I am a rabbi because of a game of catch I played at camp with a rabbi more than three times my age. ... Others people who have changed my direction are like supporting actors in my life. ... In Parashat Vayeishev, Joseph goes out searching for his brothers who are supposed to be in the field tending the flock. ... Along the way he meets a man whose name we never know: The Torah refers to him simply as ha-ish, ”the man” who saw Joseph wandering in the field (Gen. 37:15).
This week's Torah portion, Vayeitzei, describes the first part of the journey of the biblical Jacob. Fleeing the wrath of his brother, whose birthright he purchased and whose blessing he stole, Jacob is “heading for the exits.” Fleeing his home, along the way he stops and dreams of angels and God. Jacob awakens from his dream with a start and declares to no one in particular: Achein yeish Adonai bamakom hazeh v’anochi lo yadati, “Surely God is in this place and I [“I” is repeated] did not know it!” (Gen. 28:16).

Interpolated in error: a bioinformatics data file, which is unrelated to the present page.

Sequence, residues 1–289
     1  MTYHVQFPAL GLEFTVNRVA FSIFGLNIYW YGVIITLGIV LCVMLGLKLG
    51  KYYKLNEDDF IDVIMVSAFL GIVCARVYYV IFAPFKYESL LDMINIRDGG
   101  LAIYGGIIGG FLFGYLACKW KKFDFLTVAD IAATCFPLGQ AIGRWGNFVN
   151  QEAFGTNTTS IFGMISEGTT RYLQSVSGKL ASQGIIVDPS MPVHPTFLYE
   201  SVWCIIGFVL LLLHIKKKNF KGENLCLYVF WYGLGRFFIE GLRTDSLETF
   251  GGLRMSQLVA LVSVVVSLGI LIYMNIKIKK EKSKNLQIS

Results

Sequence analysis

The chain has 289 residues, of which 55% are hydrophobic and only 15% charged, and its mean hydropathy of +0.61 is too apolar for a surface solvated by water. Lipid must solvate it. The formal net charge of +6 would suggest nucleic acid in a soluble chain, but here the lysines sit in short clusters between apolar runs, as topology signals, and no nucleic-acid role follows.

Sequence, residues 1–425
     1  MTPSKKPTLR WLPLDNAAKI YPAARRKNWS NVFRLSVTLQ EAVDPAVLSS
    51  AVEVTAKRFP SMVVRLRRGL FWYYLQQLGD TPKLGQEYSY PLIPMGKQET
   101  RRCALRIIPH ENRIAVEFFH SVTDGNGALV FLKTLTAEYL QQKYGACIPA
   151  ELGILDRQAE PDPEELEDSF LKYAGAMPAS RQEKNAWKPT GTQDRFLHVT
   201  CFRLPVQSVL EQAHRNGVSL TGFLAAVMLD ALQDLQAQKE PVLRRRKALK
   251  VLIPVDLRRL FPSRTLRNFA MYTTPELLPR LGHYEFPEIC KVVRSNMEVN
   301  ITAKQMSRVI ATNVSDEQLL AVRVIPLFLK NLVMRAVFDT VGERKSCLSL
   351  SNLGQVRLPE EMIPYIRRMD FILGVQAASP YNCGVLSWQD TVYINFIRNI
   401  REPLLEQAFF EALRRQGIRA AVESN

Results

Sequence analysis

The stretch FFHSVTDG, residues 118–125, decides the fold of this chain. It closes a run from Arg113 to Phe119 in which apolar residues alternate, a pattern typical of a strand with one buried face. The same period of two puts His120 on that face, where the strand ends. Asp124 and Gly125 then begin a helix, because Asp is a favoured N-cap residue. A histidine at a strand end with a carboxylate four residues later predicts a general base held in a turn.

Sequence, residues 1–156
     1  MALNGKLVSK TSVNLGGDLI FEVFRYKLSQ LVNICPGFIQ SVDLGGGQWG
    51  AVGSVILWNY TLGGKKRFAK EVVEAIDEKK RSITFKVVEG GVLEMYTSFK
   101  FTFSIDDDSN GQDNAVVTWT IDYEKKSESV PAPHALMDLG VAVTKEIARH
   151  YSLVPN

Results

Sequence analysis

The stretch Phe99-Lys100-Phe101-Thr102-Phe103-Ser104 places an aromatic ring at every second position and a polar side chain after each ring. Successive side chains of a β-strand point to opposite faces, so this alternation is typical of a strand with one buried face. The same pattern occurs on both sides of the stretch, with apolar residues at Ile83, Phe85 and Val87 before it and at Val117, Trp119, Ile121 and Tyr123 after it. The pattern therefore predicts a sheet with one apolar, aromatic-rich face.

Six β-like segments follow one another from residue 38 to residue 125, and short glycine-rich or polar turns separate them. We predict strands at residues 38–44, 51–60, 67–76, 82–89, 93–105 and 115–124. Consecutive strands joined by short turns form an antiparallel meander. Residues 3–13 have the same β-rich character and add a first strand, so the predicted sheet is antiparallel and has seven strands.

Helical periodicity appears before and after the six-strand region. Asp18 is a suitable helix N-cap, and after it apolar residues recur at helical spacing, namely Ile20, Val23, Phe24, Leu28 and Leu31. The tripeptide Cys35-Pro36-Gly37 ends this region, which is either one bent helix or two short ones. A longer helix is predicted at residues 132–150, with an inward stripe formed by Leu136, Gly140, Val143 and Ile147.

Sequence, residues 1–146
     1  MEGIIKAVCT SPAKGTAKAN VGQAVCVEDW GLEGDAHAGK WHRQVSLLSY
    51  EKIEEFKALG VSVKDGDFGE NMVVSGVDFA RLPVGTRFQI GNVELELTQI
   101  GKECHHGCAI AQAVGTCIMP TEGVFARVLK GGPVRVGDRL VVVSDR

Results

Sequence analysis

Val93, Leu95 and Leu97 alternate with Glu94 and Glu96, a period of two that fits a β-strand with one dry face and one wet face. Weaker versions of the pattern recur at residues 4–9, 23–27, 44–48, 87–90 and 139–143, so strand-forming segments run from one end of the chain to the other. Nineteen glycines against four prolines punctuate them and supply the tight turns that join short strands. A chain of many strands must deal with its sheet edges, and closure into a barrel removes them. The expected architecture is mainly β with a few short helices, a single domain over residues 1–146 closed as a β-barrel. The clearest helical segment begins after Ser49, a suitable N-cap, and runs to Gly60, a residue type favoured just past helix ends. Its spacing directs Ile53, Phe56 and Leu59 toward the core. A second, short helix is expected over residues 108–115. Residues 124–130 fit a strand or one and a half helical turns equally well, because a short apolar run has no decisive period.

I am an American citizen living in Vancouver, British Columbia, and serving a Canadian Reform congregation for the past six years. This juxtaposition of two increasingly disparate identities has given me a unique perspective on this week’s parashah, Chayei Sarah, and its introduction of the term ger toshav, “resident foreigner.”